The algae tradition as we imagine in 2060 and present in The Algae Opera doesn’t pick up on the body mutilation of the castrati tradition. But it does follow the path of societal and familial needs and biological modification. Evalga, the protagonist of The Algae Opera, is the new generation of an algae dynasty. Her grandfather was talent-spotted and asked to complete the first clinical trials of the algae opera singer. He was a huge success and went on to become the prototype for the algae opera singer.  Evalga, being firstborn, was expected to continue her grandfather’s legacy, just like her father had done before her. From the age of 10, she was transferred into an academy and trained in the algae tradition. At 21, she emerged a fully modified algae opera singer; enhanced lung capacity, skilled in improvisation, offering a virtuosic algae mezzo operatic range – encompassing bitter and sweet sonic enhancement, and with political diplomacy that many a politician would cast an envious glance at. Like the castrati tenor, she too takes on a world tour, performing in all major cities to great critical acclaim and fan hysteria. But her world tour is also political for she is an algae ambassador with the capability to start or end conflict on a global scale.

If the castrati tenor was made for the church, the algae opera singer is designed to produce our future food. To ensure that her algae is always top quality, Evalga has dedicated her life to us, the consumer, since she was 10 years old. And as Evalga knows, when you are a super-singer life is very different. From deciding the meal you eat to the lover you take, the discipline of the art and the needs of the consumer is at the forefront of that decision. Because of this, Evalga lives a very public life privately. When we attend one of her breath ceremonies, we don’t see the hours of maintenance she and her creative team have put in place to make sure she is never contaminated and always looks, sounds and tastes amazing.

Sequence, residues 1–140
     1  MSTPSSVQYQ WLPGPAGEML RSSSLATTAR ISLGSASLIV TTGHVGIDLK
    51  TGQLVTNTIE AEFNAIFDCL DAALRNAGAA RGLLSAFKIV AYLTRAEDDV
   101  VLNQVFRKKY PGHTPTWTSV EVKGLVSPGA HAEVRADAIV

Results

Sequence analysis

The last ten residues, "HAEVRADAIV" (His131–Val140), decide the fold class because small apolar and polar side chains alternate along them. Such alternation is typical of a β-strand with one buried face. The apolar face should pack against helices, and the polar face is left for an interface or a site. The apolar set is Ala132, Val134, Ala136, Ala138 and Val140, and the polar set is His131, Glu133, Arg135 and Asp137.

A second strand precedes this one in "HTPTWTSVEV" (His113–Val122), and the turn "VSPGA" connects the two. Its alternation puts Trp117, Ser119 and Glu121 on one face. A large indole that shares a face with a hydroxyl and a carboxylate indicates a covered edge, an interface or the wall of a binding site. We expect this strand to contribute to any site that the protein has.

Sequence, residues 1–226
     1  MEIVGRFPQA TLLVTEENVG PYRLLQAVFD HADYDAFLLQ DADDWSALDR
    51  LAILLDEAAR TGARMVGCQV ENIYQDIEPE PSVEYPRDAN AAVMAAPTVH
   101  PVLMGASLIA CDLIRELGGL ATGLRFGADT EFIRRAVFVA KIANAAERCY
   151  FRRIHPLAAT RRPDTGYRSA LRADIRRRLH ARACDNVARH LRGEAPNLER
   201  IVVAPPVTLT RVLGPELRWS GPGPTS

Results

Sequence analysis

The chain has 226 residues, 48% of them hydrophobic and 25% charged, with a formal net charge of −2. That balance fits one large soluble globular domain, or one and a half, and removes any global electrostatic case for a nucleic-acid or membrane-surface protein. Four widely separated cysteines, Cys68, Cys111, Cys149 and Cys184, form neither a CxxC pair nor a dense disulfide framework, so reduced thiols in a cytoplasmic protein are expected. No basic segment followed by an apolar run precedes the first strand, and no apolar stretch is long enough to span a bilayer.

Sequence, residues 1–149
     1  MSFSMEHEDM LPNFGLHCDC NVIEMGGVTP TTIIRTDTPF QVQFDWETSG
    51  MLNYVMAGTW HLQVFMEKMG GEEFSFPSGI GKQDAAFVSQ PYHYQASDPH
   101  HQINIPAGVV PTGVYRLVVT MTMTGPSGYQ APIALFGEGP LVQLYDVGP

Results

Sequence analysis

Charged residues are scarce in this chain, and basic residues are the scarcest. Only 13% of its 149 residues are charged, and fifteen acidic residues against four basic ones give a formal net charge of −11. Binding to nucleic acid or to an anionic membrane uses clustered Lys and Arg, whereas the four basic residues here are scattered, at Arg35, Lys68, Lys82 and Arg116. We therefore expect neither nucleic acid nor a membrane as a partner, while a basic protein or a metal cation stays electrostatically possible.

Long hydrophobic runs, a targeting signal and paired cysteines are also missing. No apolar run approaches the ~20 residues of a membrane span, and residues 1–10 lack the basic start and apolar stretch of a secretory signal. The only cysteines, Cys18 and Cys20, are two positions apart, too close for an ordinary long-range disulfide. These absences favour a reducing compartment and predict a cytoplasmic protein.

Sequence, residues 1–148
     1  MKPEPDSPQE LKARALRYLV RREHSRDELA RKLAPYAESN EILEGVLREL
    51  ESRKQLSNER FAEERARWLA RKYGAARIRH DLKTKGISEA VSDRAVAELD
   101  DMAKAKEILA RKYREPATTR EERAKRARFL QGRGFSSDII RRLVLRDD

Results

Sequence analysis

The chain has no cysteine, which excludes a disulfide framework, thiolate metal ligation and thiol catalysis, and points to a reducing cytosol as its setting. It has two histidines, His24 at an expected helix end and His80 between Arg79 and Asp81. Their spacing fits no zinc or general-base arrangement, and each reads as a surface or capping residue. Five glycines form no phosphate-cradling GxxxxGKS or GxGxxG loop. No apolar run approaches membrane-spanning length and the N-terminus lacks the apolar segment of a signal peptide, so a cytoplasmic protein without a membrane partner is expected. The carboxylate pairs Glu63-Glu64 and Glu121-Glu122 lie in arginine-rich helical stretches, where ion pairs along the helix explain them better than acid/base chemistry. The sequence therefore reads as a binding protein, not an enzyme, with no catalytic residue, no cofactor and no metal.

Returning back to now, what does this comparison of 1760 to 2060 mean today? For me, it encourages a set of burning questions that are at the heart of evolving performance practice. What are we designing today’s singers for? Where is the design taking us? And what are the sacrifices for..?

This blog post is an edited version of the original article written in 2012 and posted on my singing journal, Current Song of the Day The edits are updates to historical references (the premiere date), a few bits of grammatical tidying up, added context on the castrati, and updated website links.

Singing in the PainSean Coughlan, BBC, 2006
The Castrati: A physician’s perspective, part I, Hektoen Inl, Vol 2, Issue 2, James L. Franklin, 2010
The Castrati: A physician’s perspective, part II, Hektoen Inl, Vol 2, Issue 3, James L. Franklin, 2010

Blog Post main body image: Caricature of a performance of Handel’s Flavio, featuring (left to right) the castrato Senesino as Guido, the soprano Francesca Cuzzoni as Emilia and the castrato Gaetano Berenstadt as Flavio, unknown author. Source: Wikipedia

Sound sample in the main body: Alessandro Moreschi; recorded in 1904; part of the 78 RPMs & Cylinder collection.  Source:

Next steps
Explore the music concept behind The Algae Opera: Sitting next to the future
Learn how the character of Evalga was created: The alternative entrance to Narnia
Discover the menu served at the world premiere: Daily specials at the V&A
Explore the After Agri project from the artist’s perspective: BurtonNitta
Meet the composer: Matt Rogers
Get to know me: Louise Ashcroft